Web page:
I have found a nifty free program that could do a flow simulation and show it graphically as a video clip in .avi format. It is called Flow Illustrator. It is not accurate to replace a full blown Computational Fluid Dynamics software but it is free. You will need to do your own model. This is simply done by using a side view of the model. You can do this by using an existing picture with non essential details such as background and people deleted. I use Microsoft paint to edit my picture. Please note that it is advisable for you to use the CUT function using SELECTION. Once the image you need is cut from the original, you crop the rest leaving with a totally white background. You can upload the picture and set three (3) variables; Reynolds number, time between frames and video length in seconds. I only change the setting for video length. If you want to do comparison of flow between two designs, you need to have the picture in the exact dimensions. The value of the Reynold’s number will be shown on the video.
You can see the comparison video on this link.
A screen capture of the comparison is shown below
Simulated flow on Satria Neon with Deflector
Simulated Flow over Satria Neo with Standard Spoiler
Notice I have cut out the wheels to indicate flow of air under the floorpan. Green coloured areas indicate high pressure/low velocity and Red indicates low pressure/high velocity. The comparison helps to show that the original design with standard spoiler has a bigger wake left in the trail of the car. The one with the deflector has a smaller wake as the height of the turbulence is reduced.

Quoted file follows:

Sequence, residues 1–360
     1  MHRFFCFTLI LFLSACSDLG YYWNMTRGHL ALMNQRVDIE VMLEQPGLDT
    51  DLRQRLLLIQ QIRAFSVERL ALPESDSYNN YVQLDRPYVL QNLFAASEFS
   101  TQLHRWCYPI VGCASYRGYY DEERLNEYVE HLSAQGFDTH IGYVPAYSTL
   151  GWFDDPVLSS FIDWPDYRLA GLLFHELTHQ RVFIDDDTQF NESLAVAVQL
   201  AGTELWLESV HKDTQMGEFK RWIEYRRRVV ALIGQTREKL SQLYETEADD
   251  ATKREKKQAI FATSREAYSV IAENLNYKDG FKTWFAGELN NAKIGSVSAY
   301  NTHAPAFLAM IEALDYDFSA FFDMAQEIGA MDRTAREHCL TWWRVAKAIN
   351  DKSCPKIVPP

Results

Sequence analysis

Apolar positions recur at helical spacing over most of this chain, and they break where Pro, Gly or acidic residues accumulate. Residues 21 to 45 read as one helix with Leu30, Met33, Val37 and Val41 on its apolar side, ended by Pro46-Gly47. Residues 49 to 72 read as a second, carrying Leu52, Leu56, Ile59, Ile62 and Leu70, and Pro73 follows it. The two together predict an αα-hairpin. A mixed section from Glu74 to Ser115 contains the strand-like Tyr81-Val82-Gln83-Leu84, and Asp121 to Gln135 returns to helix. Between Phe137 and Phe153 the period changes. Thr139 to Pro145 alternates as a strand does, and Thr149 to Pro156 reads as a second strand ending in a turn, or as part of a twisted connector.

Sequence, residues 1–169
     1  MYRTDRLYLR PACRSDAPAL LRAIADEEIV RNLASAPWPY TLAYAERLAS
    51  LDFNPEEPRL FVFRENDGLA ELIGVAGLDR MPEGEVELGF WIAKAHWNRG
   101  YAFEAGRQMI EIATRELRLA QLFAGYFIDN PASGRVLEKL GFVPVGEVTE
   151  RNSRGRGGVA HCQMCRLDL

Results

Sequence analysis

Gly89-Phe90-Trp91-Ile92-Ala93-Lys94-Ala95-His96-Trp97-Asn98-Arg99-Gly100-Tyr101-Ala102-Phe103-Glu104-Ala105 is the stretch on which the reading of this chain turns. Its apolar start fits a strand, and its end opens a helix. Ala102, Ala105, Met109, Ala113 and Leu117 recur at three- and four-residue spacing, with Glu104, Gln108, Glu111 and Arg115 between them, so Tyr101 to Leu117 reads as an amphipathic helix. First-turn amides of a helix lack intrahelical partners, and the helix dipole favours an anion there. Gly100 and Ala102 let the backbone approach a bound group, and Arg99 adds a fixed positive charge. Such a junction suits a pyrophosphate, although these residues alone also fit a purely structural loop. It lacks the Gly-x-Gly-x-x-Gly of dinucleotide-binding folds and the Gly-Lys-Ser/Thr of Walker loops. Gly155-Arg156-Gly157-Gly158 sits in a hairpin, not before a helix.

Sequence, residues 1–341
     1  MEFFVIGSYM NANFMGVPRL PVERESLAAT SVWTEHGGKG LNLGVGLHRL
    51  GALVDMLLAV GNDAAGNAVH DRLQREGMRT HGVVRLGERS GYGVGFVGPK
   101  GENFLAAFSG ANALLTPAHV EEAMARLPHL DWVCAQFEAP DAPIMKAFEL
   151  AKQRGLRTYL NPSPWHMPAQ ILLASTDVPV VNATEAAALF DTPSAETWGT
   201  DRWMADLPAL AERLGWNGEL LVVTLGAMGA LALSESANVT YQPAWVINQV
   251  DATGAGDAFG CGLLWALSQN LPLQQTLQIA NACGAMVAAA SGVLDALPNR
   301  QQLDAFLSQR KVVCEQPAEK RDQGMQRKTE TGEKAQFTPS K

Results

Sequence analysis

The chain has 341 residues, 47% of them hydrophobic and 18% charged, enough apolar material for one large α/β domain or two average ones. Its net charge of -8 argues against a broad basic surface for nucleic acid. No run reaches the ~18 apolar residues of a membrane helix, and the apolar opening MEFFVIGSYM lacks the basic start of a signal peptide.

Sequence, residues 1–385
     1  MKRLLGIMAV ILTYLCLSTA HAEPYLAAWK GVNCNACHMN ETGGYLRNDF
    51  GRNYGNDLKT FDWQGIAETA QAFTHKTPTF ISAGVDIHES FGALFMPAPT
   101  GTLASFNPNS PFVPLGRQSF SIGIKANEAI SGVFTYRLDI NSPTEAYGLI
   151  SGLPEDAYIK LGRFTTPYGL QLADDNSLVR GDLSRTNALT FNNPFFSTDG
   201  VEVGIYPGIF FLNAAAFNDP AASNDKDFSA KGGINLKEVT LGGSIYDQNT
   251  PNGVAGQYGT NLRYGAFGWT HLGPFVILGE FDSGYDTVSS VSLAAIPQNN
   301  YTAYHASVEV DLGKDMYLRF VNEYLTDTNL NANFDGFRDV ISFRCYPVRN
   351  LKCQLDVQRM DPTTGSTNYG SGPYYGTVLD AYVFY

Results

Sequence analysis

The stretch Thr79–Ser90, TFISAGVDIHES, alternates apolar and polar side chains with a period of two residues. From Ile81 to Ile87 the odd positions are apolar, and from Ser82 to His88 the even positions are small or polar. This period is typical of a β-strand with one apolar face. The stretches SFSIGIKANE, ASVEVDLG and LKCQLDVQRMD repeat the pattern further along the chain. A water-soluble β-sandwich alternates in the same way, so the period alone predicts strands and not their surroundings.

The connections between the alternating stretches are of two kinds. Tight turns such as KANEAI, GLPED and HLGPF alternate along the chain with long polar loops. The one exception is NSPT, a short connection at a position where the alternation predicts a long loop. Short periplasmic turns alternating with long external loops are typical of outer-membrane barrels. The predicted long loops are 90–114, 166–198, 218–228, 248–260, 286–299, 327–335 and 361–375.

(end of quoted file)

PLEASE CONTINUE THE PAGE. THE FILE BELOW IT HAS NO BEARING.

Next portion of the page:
If you do another comparison with a sedan design, you would see that the wake is about the height of the boot. The deflector now looks like what we intended it to be. It is to reduce the wake by delaying air separation from the hatch. This partly answer the previous question of why the Fuel Consumption curve is not logarithmic. The deflector has therefore made the car more aerodynamic. It makes it easier to cut through the air. I would not be surprised if it has reduced the Cd value of the car.
Making the car aerodynamic has the added bonus of reducing drag and obtain faster acceleration and top speed.
It came as an afterthought. It was never my direct intention to have done what I made. I had initially made a Secondary Intake for reducing fuel consumption of this car. See my previous article. Then I wanted to make the spoiler adjustable so that it can actually be useful. This was on my previous thinking that the spoiler functioned as perceived. That it provided down force and that if I took it out, the handling would suffer.
This then changed somehow without any premeditated intentions. What I have right now is a combination of efficiency solutions. The secondary intake initially showed that I could save money in the movement of the throttle. That was fine. Then the aerodynamics were sorted. Never did I thought the two combined mods made significant fuel saving changes.